MOFs as the porous materials are highly advantageous over other porous carriers like mesoporous silica or zeolites. They provide advantages for biomolecule release and their adsorption offer many opportunities. Thus, they present high applicability in medicine and biology. In the present study, MOF application for extracting essential oils from Satureja hortensis was investigated. SPME fiber was used for examining the impacts of various factors, including the temperature of extraction, extraction time, and sample weight on the amount of volatile oils extracted from the herb.
Fig. 1 indicates the results for different extraction temperatures (50-100◦C), where the extraction temperature impact on the total peaks of the resulting compounds and individual peaks of the four substances extracted from Satureja hortensis is indicated. The extraction temperature significantly affects the extraction as it influences the distribution coefficients of substances between headspace and sample and between fiber and headspace. As observed, the total peaks and the individual peaks showed an increase with the rise in temperature up to 85◦C for fiber.
Extraction time impact
Fig. 2 indicates the variation in the extraction time between 15 to 60 minutes. It shows the same trend between individual peaks and the total peaks of the target substances, implying the tendency of peaks with extraction time. The individual peaks profile, as well as the total peaks profile, demonstrate that the highest peak was obtained at 40 minutes. Longer extraction times did not show any impact on the extraction efficiency.
There is generally an increase in analyte signals by the rise in the amount of sample. However, it should be noted that a very large amount of sample influences the efficiency of extraction. Furthermore, the larger sample amount does not mean better outcomes. In this paper, the range of the sample amount was 1.0-3.0 g. Fig. 3 indicates the impact of sample amount on the individual and total peaks related to four compounds. With increasing the sample amount to 3 g, a rise was also observed in the individual and total peaks. In the case that the sample amount meets the sensitivity condition, it can be an appropriate criterion for analysis. A large sample amount could sometimes make a problem in sampling in a MOF-SPME procedure. Its reason is the static adsorption of sample powder to the fiber, particularly in cases of using a fine-powdered sample for an assay.
Because of this structure, water vapor (humidity) could be influenced by the ability of the fiber for adsorbing volatile substances of Satureja hortensis. Thus, varying amounts of water was added to samples under optimal circumstance so that the humidity impact can be examined, the results of which are illustrated in Fig. 4. In other words, the water molecules are able to block the active areas, resulting in deactivation of the fiber surface. Hence, the fiber proposed here can serve as an optimal adsorptive fiber for sampling from dried materials.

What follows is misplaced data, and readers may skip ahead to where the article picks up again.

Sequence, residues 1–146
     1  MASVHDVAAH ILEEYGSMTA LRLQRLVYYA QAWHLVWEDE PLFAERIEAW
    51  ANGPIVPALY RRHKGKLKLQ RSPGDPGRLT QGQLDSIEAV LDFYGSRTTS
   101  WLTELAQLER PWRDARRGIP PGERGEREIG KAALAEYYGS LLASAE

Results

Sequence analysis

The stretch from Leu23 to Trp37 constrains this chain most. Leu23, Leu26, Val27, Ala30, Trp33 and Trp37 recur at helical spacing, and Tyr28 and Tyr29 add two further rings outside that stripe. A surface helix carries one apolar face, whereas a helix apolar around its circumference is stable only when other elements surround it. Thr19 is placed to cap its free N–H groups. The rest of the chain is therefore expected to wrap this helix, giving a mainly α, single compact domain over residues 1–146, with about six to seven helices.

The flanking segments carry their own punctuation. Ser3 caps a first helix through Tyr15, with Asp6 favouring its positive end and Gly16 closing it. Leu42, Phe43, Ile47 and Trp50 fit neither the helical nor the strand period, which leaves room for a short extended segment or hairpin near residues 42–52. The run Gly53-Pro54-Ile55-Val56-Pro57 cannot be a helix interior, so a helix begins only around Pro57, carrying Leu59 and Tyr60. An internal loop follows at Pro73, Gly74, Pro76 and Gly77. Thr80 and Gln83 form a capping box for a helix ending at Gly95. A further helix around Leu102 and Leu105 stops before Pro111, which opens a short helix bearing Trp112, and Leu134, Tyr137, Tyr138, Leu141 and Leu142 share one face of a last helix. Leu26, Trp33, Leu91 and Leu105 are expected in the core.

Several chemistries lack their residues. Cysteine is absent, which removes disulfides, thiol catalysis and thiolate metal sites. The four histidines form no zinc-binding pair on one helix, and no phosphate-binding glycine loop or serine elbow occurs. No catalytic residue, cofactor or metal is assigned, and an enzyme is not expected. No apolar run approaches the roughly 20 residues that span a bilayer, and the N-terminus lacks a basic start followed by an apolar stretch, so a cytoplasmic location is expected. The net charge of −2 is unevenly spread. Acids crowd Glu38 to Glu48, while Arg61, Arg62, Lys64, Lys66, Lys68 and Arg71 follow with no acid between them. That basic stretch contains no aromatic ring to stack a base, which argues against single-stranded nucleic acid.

MOF-HS-SPME of Satureja hortensis
The optimized MOF-HS-SPME conditions were applied to the extraction and concentration of the volatile constituents in Satureja hortensis with this fiber. The volatile compounds of Satureja hortensis were extracted and concentrated by MOF-HS-SPME (Fig. 4), and then the analytes that were exracted on fiber was desorbed and analyzed by GC–MS. The components were identified, and listed in Table 1. To investigate the reproducibility (fiber-to-fiber) and repeatability (for one fiber), five fibers were made in our work under the same circumstances and five repeated tests were performed utilizing each fiber. Table 1 represents the determined R.S.Ds.
Based on these data, good repeatability is found for the method. The relatively high fiber-to-fiber R.S.D. (≤9 %) shows that the coating volume probably differs considerably between fibers. Hence, improving the coating process is essential to ensure uniform and reproducible thickness. However, the made SPME fiber is mechanically stable and it does not require to utilize various fibers in the analysis. The SEM shows the structure and morphology in Fig. 5.
The present paper investigated the MOF wire efficiency as fiber for solid-phase microextraction of volatile substances in a medicinal herb. The suggested approach helped identification of 31 substances from Satureja hortensis. MOF-HS-SPME/GC–MS provides an efficient, quick, simple, and solvent-free approach for analyzing essential oils of Satureja hortensis as well as other herbs with a small sample amount compared to ordinary HD approach. The approach proposed here is an environment-friendly approach as it does not use any toxic solvent. Hence, no solvent peak is present in the chromatogram. The proposed fiber provides such advantages as inexpensiveness, high-temperature resistance, long durability, and hardness. This fiber was utilized here for the first time for analyzing volatile substances in medicinal herbs.
CONFLICT OF INTERESTS
The authors declare no conflict of interests.